The EU has proposed new rules to protect LGBTQs in its member states, as homophobia rises in countries such as Hungary and Poland.
This week, the Hungarian government proposed a ban on same-sex couples adopting.
Meanwhile, Poland has seen a growing trend for 'LGBT-free zones' and homophobic rhetoric from public figures.
The bloc's European Commission division revealed its suggested policies, intended to strengthen LGBTQ rights, yesterday.
They would classify hate crime, including homophobic speech, on a list of "EU crimes".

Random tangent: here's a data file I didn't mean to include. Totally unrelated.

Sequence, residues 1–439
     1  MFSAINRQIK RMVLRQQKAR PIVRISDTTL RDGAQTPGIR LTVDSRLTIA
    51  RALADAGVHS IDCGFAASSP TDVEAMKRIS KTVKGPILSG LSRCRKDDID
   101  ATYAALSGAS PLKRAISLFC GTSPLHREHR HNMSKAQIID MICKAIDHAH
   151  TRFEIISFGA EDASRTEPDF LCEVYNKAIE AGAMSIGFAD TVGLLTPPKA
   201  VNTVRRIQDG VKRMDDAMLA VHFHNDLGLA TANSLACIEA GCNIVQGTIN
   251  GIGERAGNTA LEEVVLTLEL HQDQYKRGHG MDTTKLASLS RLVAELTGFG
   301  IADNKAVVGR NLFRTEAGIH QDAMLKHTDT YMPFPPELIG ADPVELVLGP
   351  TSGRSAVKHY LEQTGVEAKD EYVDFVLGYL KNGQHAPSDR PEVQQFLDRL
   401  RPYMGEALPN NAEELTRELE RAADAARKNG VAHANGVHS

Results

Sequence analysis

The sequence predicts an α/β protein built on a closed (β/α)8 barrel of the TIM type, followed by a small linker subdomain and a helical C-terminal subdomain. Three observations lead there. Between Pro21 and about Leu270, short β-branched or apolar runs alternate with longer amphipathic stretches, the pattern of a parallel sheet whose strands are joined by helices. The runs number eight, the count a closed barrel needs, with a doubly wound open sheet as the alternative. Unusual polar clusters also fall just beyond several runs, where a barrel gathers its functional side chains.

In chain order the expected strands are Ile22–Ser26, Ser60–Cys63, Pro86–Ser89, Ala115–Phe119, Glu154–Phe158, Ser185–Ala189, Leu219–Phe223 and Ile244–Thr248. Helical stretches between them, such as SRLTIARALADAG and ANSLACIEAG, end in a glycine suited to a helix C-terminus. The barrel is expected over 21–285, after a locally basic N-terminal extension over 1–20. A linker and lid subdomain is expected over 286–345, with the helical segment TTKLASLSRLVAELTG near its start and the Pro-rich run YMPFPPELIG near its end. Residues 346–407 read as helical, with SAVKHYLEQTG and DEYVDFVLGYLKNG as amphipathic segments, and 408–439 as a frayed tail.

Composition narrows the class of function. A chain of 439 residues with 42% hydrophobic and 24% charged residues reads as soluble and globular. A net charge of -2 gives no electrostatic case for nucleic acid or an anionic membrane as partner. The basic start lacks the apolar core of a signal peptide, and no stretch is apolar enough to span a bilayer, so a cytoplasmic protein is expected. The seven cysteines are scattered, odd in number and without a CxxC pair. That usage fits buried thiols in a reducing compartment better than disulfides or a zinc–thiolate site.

"Everyone should feel free to be who they are — without fear or persecution"
Announcing the proposal during her 2020 State of the Union Address, Vera Jourova, the bloc’s commissioner for values and transparency, said yesterday, “Everyone should feel free to be who they are — without fear or persecution.
“This is what Europe is about and this is what we stand for."
The proposal also includes protections for same-sex parent families and funding for organisations fighting for equality in the 27 member nations.
Earlier this year, Poland’s president, Andrzej Duda referred to an “LGBT ideology” as “more destructive than communist indoctrination."